Abney Park is back with a new album*, The End of Days, and it's another marvelous collection of Steampunk-themed rock music.** In contrast with the band's previous album Aether Shanties, which was inspired by sea shanties of yore, the theme here is one of post-apocalyptic survival (perhaps incorporating the do-it-yourself ethic of at least part of the Steampunk movement - see the album review at Trial By Steam).

I missed Captain Robert and Kristina Erickson appearing (via IRL) in Steam Sky City for the album release party that Mrs. Fogwoman Gray-Volare and Mr. Lucien Brentano arranged, but I didn't miss ordering my copy of the album on its release day. Here are some thoughts about the individual tracks:

1. "The End of Days" - The album kicks off with a Middle Eastern-inspired rhythm and a Nathaniel Johnstone violin solo before the vocals start. The song sets the post-apocalyptic scene: Captain Robert sings of "ruined empires of days long gone" where "survivors of men... pray that the world will be theirs again one day."

2. "Neobedouin" - This time the keyboards help create the rhythm before another violin solo. The song is a post-apocalyptic tune you can dance to, in which "we survived this global scar...our members thinning every day."

3. "The Wrath of Fate" - This song could be an Aether Shanties outtake, as it combines the sea shanty style with a hard rock beat. The song tells the story of the airship (presumably the Ophelia) being damaged in a storm (and by sabotage?). "But the crew stayed at its post" except for one: "The traitor did jump ship/And left the blazing falling corpse." Although the vessel crashes into the sea, the airship became a sea ship: "The mast was charred but still so strong/ So sails we did raise/ The windows gone above waterline/ The water quenched the blaze/ With lightning bolts quite far aloft/ And gentle wind below/ The Captain's crew and battered ship/ Sailed into sunset's glow." Everyone likes a happy ending.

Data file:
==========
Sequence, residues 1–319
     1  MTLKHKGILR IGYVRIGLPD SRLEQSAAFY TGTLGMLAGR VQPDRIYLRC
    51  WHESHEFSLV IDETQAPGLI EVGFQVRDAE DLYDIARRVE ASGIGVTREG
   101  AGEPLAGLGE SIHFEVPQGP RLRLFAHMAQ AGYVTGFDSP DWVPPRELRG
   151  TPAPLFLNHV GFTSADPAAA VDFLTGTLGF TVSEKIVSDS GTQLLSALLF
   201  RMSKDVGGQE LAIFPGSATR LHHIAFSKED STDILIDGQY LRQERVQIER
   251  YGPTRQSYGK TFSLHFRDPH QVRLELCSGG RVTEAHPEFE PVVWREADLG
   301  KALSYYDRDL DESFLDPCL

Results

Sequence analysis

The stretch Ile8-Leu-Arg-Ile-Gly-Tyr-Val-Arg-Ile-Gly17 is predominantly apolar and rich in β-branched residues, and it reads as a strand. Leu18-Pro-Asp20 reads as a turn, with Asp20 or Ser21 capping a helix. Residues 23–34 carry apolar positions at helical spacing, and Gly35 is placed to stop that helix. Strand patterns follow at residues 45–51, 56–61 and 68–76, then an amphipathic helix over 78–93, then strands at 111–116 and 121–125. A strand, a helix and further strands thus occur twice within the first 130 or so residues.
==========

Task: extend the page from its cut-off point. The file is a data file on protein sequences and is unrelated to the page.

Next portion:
4. "I've Been Wrong Before" hearkens back to earlier industrial/goth style of the band, and contains a litany of things Captain Robert doesn't believe in, including "UFOs and little men from Mars," and "we should stop thinking for an oath we swore." In the chorus, he sings "I don't believe a lot of things, but I've been wrong before" but the punchline is that "Half this crap has turned out true" so keep an open mind.

5. "Inside the Cage" - A brief (20 second) instrumental segues into...

6. "Fight or Flight" - A rocker with a martial beat, and lovely 1980s synth fills and guitar work. Sisters of Mercy without the obscure references to poets. The song seems to be about living life on your own terms: "They want you to think it's possible to live a life without their chains/ But...if you go to far, you'll find they're pulling on your reins." "I fear what they'd do if they find I've escaped" the regimented corporate world.

7. "Victorian Vigilante" - The longest song on the album, this has a burlesque/cabaret music feel to it, complete with muted trumpet and banjo (a very Steampunk instrument, it seems to me). The narrative of the song is exactly as the title suggests: in Victorian times, a vigilante rights wrongs, taking the unnamed ne'er-do-well from "the palace" to the "riverside." No points for guessing the outcome.

8. "Chronofax" - A brief (30 sec) with old-time radio noises and a spoken word intro to...

9. "Letters Between a Little Boy and Himself as an Adult" - With synth chords and piano providing rhythm and a substantial vocal contrib from new vocalist Jody Ellen, the boy sings "Dear Mr. Brown/ One day I'll be you and/ Although I'm only eight now/ You need to hear my rules/ Never stop playing/ Never stop dreaming and/ Be careful not to/ Turn into what I'd hate." But the adult Robert Brown talks about the chores of adult life - thankless job, long hours, and taxes. The boy says that can't be right : "What you're describing doesn't seem worth the time," which leads the adult to "steal[] back my soul" and live a more fulfilling life.

10. "Beautiful Decline" - Another Middle Eastern-inspired intro that segues into thudding bass and "harpsicord" fills. This is a song about entropy: "Rust forms, bringing it all down/ Wood rots, and into the ground/ Flesh falls; life's decomposed/ Then nature's again exposed." The Circle of Life, dystopia style.

11. "Off the Grid" - More burlesque/cabaret-inspired music about making one's own way in an interconnected world. "But how safe is it to make a man with dreams beyond what he's allowed to choose?" Amen.